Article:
Cordelia had no premonition of tragedy as she pushed open the street door which was kept perpetually on the latch for the convenience of the secretive and mysterious tenants and their equally mysterious visitors. The new bronze plaque to the left of the door gleamed brightly in the sun in incongruous contrast to the faded and dirt-encrusted paint. Cordelia gave it a short glance of approval.
Pryde’s Detective Agency
(Props: Bernard G. Pryde Cordelia Gray)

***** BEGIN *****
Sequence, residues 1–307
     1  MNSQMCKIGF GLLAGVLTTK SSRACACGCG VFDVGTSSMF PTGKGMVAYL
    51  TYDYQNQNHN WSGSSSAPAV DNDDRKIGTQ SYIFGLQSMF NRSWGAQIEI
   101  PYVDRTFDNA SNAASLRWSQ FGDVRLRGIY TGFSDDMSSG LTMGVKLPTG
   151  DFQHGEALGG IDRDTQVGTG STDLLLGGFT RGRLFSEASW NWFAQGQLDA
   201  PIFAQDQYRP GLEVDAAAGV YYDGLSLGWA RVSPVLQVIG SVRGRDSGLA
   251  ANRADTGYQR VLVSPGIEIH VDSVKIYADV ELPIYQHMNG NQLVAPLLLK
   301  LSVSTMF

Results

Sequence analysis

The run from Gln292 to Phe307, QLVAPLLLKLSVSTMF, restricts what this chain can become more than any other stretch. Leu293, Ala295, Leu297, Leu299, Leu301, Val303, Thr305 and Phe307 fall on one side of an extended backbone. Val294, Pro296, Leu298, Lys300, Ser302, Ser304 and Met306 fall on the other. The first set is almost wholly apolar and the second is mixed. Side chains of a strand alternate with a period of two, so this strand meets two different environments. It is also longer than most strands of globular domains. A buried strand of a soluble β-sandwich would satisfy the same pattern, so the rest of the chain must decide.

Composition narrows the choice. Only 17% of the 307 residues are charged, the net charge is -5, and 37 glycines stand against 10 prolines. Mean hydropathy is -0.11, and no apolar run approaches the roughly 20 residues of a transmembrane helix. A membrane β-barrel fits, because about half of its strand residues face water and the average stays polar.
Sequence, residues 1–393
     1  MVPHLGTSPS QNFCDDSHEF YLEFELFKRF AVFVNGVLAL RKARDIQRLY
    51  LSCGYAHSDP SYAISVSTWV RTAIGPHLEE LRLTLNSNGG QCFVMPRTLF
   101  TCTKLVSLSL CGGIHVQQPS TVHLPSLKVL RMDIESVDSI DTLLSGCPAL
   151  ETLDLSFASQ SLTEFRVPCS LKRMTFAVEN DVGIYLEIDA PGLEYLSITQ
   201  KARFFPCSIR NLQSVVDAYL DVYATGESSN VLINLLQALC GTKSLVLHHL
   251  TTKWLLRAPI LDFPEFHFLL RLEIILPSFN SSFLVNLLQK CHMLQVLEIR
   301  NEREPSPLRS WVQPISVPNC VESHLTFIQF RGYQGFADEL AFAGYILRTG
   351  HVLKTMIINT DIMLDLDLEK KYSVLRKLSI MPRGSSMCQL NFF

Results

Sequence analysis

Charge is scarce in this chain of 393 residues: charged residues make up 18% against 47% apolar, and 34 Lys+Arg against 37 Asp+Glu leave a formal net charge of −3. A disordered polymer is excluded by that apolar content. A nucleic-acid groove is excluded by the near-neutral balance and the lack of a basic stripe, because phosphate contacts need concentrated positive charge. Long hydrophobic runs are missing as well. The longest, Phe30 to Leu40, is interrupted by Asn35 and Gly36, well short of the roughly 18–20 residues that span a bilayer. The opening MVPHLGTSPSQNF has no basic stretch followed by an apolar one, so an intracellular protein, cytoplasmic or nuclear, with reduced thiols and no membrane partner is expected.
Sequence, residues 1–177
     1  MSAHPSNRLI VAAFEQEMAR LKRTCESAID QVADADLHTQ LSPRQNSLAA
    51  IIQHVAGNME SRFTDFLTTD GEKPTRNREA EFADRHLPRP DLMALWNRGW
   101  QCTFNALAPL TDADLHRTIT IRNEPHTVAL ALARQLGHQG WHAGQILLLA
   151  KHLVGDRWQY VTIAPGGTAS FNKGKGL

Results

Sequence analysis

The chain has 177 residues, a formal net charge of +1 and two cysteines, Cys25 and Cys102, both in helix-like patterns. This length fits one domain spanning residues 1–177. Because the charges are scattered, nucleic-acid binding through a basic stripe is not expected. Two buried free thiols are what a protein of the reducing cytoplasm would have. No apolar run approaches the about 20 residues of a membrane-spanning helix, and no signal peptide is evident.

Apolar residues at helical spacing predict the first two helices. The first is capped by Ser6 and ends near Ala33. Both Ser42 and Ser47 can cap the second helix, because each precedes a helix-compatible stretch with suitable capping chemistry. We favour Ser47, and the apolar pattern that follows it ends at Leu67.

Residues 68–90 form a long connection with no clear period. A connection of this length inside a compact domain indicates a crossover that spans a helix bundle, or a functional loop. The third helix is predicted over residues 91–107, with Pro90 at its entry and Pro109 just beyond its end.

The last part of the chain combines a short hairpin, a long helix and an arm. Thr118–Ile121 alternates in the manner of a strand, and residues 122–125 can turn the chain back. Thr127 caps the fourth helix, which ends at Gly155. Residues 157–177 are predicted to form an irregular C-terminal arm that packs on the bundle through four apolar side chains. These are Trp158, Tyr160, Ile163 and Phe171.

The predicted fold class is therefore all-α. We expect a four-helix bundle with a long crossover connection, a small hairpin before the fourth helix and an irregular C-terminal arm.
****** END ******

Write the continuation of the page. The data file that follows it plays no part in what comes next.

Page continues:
It had taken Cordelia some weeks of patient and tactful persuasion to convince Bernie that it would be inappropriate to append the words “ex-C.I.D. Metropolitan Police” to his name or prefix “Miss” to hers. There had been no other problem over the plaque since Cordelia had brought no qualifications or relevant past experience to the partnership and indeed no capital, except her slight but tough twenty-two-year-old body, a considerable intelligence which Bernie, she suspected, had occasionally found more disconcerting than admirable, and a half exasperated, half pitying affection for Bernie himself. It was obvious very early to Cordelia that in some undramatic but positive way life had turned against him. She recognized the signs. Bernie never got the enviable front left hand seat in the bus; he couldn’t admire the view from the train window without another train promptly obscuring it; the bread he dropped invariably fell buttered side downwards; the Mini, reliable enough when she drove it, stalled for Bernie at the busiest and most inconvenient intersections. She sometimes wondered whether, in accepting his offer of a partnership in a fit of depression or of perverse masochism, she was voluntarily embracing his ill-luck. She certainly never saw herself as powerful enough to change it.